Sports Betting in Arizona

Arizona, also known as the Grand Canyon State, is home to 27 federally recognized Native American tribes. Like many other US states, Arizona’s tribal groups have entered into state-tribe compacts, allowing them to offer gambling activities to Arizona’s residents. There are several forms of gambling available in Arizona, from casino games or the state lottery. But where does Arizona stand on sports betting? has everything you need to know about betting on sports in Arizona.

Is it legal to bet on sports in Arizona?

Wagering on professional and amateur sports, as well as fantasy sports betting is illegal in Arizona. However, players can place pari-mutuel wagers on horse racing events at racetracks in the state and races broadcast at simulcast facilities.

With that being said, legal wagering on professional and amateur sports could be legalized relatively soon. In January 2019, Arizona lawmakers introduced a sports betting bill titled SB 1158. The bill would grant Arizona’s tribes the exclusive right to offer sports betting.

Where will I be able to place bets on sporting events in Arizona?

If the legislation is successful, there are currently 24 gambling facilities, operated by tribal groups, where sports betting could take place.  However, sports betting would not be limited to tribal reservations. The bill would allow sports betting kiosks and similar devices to be installed in bars and similar establishments that serve alcohol.

What sports will I be able to bet on?

Pending legalization, Arizona residents will be able to bet on a variety of professional and amateur sporting events. However, a line in the bill reads that sports betting in Arizona “does not include wagering on sporting events that are prohibited by the National Collegiate Athletic Association (NCAA).” However, the NCAA does not have the authority to prohibit betting on a sporting event.

What else can I bet on in Arizona?

Until sports betting is legalized in Arizona, residents can participate in a variety of gambling activities. The state lottery offers a selection of lottery games that include interstate draws. Residents can also play bingo games that are hosted by tribal groups and charitable organizations.

As an alternative to real-money online gambling, residents can play at online social casino sites for fun. You cannot win real money prizes at these sites. Several casinos in the state operate social casino sites such as Casino del Sol, Talking Stick Casino and the Desert Diamond Casinos. You also have the standard range of online social casino games offered by  Zynga, Slotomania and Big Fish.

There are about 16 federally recognized tribes that operate 24 casinos with Las Vegas-style gambling. At these venues, you can enjoy a variety of games such as slots, poker and blackjack.

Here’s a comprehensive list of casinos that currently operate in Arizona:

Casino Name Location Contact Email Opening Hours
Appache Gold Casino Resort 777 Geronimo Springs Blvd, San Carlos, AZ 85550, USA +1 732-222-510 [email protected] 24 hours
Apache Sky Casino 777 Apache Sky Blvd, Winkelman, AZ 85192, USA +1 928-475-0077 [email protected] 24 hours
BlueWater Resort and Casino 11300 Resort Dr, Parker, AZ 85344, USA +1 928-669-7000 Online form 24 hours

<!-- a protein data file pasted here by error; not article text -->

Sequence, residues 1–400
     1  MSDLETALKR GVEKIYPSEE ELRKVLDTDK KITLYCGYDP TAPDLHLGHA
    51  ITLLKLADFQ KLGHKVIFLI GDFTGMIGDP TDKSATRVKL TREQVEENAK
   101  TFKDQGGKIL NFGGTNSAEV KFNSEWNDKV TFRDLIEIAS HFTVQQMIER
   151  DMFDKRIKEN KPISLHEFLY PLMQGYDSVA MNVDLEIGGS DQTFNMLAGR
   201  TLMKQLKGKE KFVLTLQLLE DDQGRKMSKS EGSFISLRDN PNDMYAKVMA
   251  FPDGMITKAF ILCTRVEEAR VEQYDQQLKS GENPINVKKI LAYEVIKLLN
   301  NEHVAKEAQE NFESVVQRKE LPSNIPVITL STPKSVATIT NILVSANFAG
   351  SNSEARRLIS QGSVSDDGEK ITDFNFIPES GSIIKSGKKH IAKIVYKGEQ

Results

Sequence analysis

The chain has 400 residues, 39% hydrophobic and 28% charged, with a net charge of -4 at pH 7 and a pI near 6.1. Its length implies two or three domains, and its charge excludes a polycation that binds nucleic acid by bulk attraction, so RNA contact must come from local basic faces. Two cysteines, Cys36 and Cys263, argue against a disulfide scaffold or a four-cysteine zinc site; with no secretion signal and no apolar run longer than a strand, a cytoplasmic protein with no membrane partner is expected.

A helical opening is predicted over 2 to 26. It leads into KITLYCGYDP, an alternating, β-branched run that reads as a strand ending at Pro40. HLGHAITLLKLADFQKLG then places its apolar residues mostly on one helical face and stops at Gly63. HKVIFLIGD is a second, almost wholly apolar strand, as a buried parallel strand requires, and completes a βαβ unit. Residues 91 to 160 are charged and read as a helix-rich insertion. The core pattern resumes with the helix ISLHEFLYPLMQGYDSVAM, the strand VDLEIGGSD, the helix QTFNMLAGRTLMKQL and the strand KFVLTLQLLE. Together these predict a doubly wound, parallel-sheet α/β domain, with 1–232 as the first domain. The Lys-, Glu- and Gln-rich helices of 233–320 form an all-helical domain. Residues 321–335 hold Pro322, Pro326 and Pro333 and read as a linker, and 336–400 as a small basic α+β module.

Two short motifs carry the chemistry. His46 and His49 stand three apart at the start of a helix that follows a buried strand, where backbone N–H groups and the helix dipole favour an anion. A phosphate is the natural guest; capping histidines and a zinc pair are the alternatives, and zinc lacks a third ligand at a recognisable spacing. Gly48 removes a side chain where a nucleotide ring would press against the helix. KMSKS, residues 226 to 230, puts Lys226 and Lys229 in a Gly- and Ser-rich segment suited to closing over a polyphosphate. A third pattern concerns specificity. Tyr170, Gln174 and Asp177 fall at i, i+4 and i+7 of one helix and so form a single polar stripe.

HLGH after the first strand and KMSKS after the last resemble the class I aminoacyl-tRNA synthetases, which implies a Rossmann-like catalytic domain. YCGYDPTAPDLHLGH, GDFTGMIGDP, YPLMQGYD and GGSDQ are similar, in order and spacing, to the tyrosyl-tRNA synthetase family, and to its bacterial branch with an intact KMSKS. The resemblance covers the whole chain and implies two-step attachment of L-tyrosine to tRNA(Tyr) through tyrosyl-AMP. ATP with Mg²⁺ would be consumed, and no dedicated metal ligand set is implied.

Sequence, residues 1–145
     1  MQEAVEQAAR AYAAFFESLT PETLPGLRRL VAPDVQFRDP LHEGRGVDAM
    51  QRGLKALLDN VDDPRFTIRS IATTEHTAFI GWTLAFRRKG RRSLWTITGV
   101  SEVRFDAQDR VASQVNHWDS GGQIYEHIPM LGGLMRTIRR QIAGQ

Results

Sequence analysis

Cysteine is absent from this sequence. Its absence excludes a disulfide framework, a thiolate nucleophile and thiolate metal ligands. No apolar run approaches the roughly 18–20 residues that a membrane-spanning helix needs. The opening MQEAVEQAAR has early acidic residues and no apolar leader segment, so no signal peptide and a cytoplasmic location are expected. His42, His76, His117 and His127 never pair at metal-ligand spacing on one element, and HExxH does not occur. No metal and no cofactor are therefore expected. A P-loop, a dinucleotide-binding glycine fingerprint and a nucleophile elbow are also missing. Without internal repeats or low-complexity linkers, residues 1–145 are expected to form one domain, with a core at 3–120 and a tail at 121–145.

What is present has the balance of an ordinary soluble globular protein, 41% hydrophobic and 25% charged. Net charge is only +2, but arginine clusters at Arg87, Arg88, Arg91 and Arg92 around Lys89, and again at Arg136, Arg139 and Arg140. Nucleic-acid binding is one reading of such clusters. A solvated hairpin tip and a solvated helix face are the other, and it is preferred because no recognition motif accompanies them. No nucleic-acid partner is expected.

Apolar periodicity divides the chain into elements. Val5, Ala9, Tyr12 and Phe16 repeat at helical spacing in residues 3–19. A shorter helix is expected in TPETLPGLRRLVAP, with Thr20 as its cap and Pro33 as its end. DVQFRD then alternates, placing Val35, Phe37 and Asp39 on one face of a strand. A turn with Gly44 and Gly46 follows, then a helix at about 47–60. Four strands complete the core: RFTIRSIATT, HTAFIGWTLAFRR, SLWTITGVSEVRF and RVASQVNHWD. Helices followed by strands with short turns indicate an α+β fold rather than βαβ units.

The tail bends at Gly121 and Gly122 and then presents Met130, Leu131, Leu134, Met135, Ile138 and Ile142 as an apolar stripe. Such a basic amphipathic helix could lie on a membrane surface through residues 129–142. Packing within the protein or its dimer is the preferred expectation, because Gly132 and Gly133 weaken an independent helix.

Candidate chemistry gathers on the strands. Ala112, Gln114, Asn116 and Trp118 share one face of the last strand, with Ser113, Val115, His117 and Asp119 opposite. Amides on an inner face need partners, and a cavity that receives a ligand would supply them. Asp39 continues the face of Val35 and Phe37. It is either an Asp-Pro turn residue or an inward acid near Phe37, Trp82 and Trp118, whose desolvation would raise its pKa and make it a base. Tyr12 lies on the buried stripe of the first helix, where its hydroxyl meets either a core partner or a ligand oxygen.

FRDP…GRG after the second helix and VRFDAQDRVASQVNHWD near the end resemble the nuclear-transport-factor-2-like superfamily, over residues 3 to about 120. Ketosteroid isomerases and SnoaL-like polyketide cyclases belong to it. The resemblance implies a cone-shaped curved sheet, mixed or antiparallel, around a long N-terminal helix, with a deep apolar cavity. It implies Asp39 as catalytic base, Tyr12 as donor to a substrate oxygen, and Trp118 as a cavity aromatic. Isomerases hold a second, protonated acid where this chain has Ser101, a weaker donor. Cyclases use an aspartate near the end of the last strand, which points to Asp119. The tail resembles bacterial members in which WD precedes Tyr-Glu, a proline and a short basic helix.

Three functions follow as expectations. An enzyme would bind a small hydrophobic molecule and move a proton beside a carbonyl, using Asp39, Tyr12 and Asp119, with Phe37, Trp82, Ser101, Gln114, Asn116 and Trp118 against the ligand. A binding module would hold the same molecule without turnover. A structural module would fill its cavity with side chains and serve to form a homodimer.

Bucky’s Casino 1500 AZ-69, Prescott, AZ 86301, USA +1 800-756-8744 Online form 24 hours
Casino Arizona 524 N 92nd St, Scottsdale, AZ 85256, USA +1 480-850-7777 Online form 24 hours
Casino del Sol 5655 W Valencia Rd, Tucson, AZ 85757, USA +1 855-765-7829 Online form 24 hours
Casino of the Sun 7406 S Camino De Oeste, Tucson, AZ 85746, USA +1 520-883-1700 Online form 24 hours
Cliff Castle Casino Hotel 555 W Middle Verde Rd, Camp Verde, AZ 86322, USA +1 928-567-7999 [email protected] 24 hours
Cocopah Resort Casino 15318 S Avenue B, Somerton, AZ 85350, USA +1 800-237-5687 Not available 24 hours
Desert Diamond Casino, Tucson 7350 S. Nogales Highway, Tucson, AZ 85756 +1 866-332-9467 Online form 24 hours
Desert Diamond Casino, Sahuarita 1100 W. Pima Mine Road, Sahuarita, AZ 85629 +1 866-332-9467 Online form 24 hours
Desert Diamond Casino–West Valley 9431 W. Northern Ave, Glendale, AZ 85305 +1 866-332-9467 Online form 24 hours
Desert Diamond Hotel & Casino, Why Highway 86, Milepost 55, Why, AZ 85321 +1 866-332-9467 Online form 24 hours
Fort McDowell Casino 10424 N Fort McDowell Rd, Fort McDowell, AZ 85264, USA +1 800-843-3678 Online form 24 hours
Harrah’s Ak-Chin Casino 15406 N Maricopa Rd, Maricopa, AZ 85139, USA +1 480-802-5000 Not available 24 hours
Hon-Dah Resort Casino 777 Hwy 260, Pinetop, Arizona 85935, USA +1 800-929-8744 Not available 24 hours
Lone Butte Casino 1077 S Kyrene Rd, Chandler, AZ 85226, USA +1 800-946-4452 Not available 24 hours
Mazatzal Hotel & Casino Highway 87, Mile Marker 251, Payson, AZ 85541, USA +1 928-474-6044 Not available 24 hours
Paradise Casino 450 Quechan Dr, Yuma, AZ 85364, USA +1 760-572-7777 [email protected] 24 hours
Spirit Mountain Casino 27100 SW Salmon River Hwy, Grand Ronde, OR 97347, USA +1 503-879-2350 Online form 24 hours
Talking Stick Resort 9800 Talking Stick Way, Scottsdale, AZ 85256, USA +1 480-850-7777 Online form 24 hours
Twin Arrows Casino Resort 22181 Resort Blvd, Flagstaff, AZ 86004, USA +1 928-856-7200 [email protected] 24 hours
Vee Quiva Hotel & Casino 15091 South Komatke Lane Laveen, AZ 85339, USA +1 800-946-4452 Not available 24 hours
Wild Horse Pass Hotel & Casino 5040 Wild Horse Pass Blvd. Chandler, AZ 85226, USA +1 800-946-4452 Not available 24 hours
Yavapai Casino 1505 AZ-69, Prescott, AZ 86303, USA +1 928-445-5767 Online form 24 hours

Are offshore gambling sites legal in Arizona?